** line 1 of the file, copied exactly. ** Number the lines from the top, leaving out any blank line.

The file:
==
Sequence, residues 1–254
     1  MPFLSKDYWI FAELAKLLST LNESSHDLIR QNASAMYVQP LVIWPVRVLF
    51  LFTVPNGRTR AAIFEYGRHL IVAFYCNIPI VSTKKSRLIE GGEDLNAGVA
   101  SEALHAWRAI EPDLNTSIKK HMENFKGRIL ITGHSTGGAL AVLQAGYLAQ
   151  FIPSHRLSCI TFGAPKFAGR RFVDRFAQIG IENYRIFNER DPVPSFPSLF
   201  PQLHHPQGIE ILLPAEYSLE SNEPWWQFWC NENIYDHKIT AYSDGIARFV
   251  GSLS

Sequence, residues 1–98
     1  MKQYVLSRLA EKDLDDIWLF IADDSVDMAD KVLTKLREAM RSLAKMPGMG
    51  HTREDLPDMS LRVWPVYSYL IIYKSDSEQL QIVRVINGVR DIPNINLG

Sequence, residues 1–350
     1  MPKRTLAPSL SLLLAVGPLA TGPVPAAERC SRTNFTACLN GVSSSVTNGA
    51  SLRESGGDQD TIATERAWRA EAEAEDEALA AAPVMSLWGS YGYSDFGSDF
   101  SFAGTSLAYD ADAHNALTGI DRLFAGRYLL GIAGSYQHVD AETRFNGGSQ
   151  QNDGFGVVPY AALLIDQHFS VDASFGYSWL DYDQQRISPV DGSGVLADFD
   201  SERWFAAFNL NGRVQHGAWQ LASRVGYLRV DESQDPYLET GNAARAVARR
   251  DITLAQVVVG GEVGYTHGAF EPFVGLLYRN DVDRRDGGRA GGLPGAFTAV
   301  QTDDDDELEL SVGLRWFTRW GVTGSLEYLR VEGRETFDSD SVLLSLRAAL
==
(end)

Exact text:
Sequence, residues 1–254